Nothing could be more agreeable to the duke, however, he had
presence of mind enough to exclaim:

"To the devil with your Grimaud! He will spoil the feast."

"I will direct him to stand behind your chair, and since he
doesn't speak, your highness will neither see nor hear him
and with a little effort can imagine him a hundred miles

"Do you know, my friend, I find one thing very evident in
all this, you distrust me."

"My lord, the day after to-morrow is Pentecost."

"Well, what is Pentecost to me? Are you afraid that the Holy
Spirit will come as a tongue of fire to open the doors of my

"No, my lord; but I have already told you what that damned
magician predicted."

"And what was it?"

"That the day of Pentecost would not pass without your
highness being out of Vincennes."

"You believe in sorcerers, then, you fool?"

"I ---I mind them no more than that ---- " and he snapped
his fingers; "but it is my Lord Giulio who cares about them;
as an Italian he is superstitious."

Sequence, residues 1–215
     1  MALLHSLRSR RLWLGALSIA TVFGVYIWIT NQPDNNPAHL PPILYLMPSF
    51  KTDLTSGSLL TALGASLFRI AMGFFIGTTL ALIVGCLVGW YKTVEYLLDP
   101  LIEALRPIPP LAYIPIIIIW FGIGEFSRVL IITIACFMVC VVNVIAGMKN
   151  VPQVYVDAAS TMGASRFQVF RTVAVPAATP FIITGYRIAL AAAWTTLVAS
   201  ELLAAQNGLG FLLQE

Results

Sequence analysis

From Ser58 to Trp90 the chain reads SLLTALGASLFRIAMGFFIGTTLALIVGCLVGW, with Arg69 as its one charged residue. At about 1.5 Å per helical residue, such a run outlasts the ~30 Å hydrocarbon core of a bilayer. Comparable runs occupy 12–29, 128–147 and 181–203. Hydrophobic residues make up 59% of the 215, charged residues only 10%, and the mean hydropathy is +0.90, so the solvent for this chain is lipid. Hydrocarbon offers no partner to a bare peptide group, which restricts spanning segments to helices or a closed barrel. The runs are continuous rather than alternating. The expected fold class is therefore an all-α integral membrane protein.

The duke shrugged his shoulders.

"Well, then," with well acted good-humor, "I allow Grimaud,
but no one else; you must manage it all. Order whatever you
like for supper -- the only thing I specify is one of those
pies; and tell the confectioner that I will promise him my
custom if he excels this time in his pies -- not only now,
but when I leave my prison."

"Then you think you will some day leave it?" said La Ramee.

"The devil!" replied the prince; "surely, at the death of
Mazarin. I am fifteen years younger than he is. At
Vincennes, 'tis true, one lives faster ---- "

"My lord," replied La Ramee, "my lord ---- "

"Or dies sooner, for it comes to the same thing."

La Ramee was going out. He stopped, however, at the door for
an instant.